Laura Makes Landfall Tonight; Rain Increasing Over Alabama Friday

| August 26, 2020 @ 3:00 pm

QUIET AFTERNOON: As expected, showers are very isolated across Alabama today. The sky is partly sunny, and temperatures are mostly in the upper 80s and low 90s. We do note a big flooding event unfolded this morning over Northwest Alabama; parts of Franklin County had over 6 inches of rain, and a flash flood emergency was issued by NWS Huntsville for a while. That large rain mass diminished and drifted into Tennessee later in the morning.

The weather won’t change much tomorrow; partly sunny, hot, and humid with a few scattered showers or storms by afternoon. Temperatures reach the low 90s in most places, and the big wind/rain impact from Hurricane Laura will be west of Alabama.

FRIDAY AND THE WEEKEND: Laura will turn to the right over Arkansas, and pass north of Alabama Friday. This position could set the stage for a low end risk of a few isolated tornadoes over the northwest part of the state Friday afternoon and evening. Otherwise, Friday will feature more clouds than sun with scattered to numerous showers and thunderstorms…. the high will be in the mid to upper 80s.

A very moist, tropical airmass will stay in place over Alabama Saturday and Sunday; a few showers and thunderstorms are likely both days with highs in the 86-90 degree range. No total wash-out, but be ready for rain at times if you have something planned outdoors. Most, but not all of the rain will come in the window from noon to midnight.

NEXT WEEK: The tropical air stays in place, each day we will have to mention scattered showers and thunderstorms, mostly during the afternoon and evening hours. A very cool airmass will drop down into the northern states next week, but it won’t have enough southward push to reach Alabama. See the Weather Xtreme video for maps, graphics, and more details.

LAURA: Extremely dangerous Hurricane Laura will make landfall tonight near the Texas/Louisiana border with sustained winds of 145 mph and a 15-20 foot storm surge east of the center.

Key messages from NHC

1. Unsurvivable storm surge with large and destructive waves will cause catastrophic damage from Sea Rim State Park, Texas, to Intracoastal City, Louisiana, including Calcasieu and Sabine Lakes. This surge could penetrate up to 30 miles inland from the immediate coastline. Only a few hours remain to protect life and property and all actions should be rushed to completion.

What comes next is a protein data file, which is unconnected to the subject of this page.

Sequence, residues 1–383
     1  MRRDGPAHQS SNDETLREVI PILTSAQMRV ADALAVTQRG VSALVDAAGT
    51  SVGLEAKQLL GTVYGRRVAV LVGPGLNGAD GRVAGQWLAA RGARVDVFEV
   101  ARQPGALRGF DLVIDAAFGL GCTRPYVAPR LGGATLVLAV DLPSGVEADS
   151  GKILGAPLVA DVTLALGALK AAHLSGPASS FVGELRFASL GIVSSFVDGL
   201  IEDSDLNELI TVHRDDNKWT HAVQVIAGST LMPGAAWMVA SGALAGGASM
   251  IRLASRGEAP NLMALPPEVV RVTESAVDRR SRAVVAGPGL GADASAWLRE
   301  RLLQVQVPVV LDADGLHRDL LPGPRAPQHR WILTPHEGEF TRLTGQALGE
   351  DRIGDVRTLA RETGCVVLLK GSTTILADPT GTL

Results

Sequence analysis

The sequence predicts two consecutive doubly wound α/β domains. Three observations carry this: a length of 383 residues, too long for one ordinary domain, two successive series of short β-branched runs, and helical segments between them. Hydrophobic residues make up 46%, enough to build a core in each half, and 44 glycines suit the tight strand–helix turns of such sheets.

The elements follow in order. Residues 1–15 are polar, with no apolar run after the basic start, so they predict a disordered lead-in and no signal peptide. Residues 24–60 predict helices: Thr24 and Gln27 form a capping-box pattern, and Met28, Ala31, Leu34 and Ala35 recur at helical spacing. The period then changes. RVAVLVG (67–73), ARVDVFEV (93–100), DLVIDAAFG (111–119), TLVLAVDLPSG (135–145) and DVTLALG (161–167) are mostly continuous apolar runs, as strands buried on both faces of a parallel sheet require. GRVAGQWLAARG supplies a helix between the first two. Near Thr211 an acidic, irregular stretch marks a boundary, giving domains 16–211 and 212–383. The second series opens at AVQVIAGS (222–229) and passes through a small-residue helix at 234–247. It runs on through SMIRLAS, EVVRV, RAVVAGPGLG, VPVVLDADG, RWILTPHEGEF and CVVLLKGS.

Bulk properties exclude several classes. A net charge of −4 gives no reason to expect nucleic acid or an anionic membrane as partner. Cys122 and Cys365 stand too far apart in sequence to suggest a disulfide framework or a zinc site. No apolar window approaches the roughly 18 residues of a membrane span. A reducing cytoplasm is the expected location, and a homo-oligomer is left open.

2. Hurricane-force winds are expected tonight in portions of the hurricane warning area from San Luis Pass, Texas, to west of Morgan City, Louisiana, with catastrophic wind damage expected where Lauras eyewall makes landfall. Hurricane-force winds and widespread damaging wind gusts will spread well inland across portions of eastern Texas and western Louisiana early Thursday.

3. Widespread flash flooding along small streams, urban areas, and roadways is expected to begin this afternoon into Thursday from far eastern Texas, across Louisiana and Arkansas. This will also lead to minor to isolated moderate freshwater river flooding. The heavy rainfall threat and localized flash and urban flooding potential will spread northeastward into the middle-Mississippi, lower Ohio and Tennessee Valleys Friday night and Saturday.

CENTRAL GULF COAST: Dangerous rip currents will continue along the coast from Gulf Shores over to Panama City Beach through Friday, but there will be little direct weather impact other than a stiff south breeze and tropical showers from time to time. There will be a pretty decent amount of sun each day along the Central Gulf Coast.

ON THIS DATE IN 1992: Hurricane Andrew made a second landfall near Burns Point, LA as a Category 3 hurricane. Morgan City, LA recorded sustained winds of 92 mph with a peak gust of 108 mph. Hammond, LA was deluged with 11.92 inches of rain. As Andrew moved inland and weakened, it spawned 47 tornadoes from this date through the 28th from the South to the Mid-Atlantic States.

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James Spann is one of the most recognized and trusted television meteorologists in the industry. He holds the AMS CCM designation and television seals from the AMS and NWA. He is a past winner of the Broadcast Meteorologist of the Year from both professional organizations.

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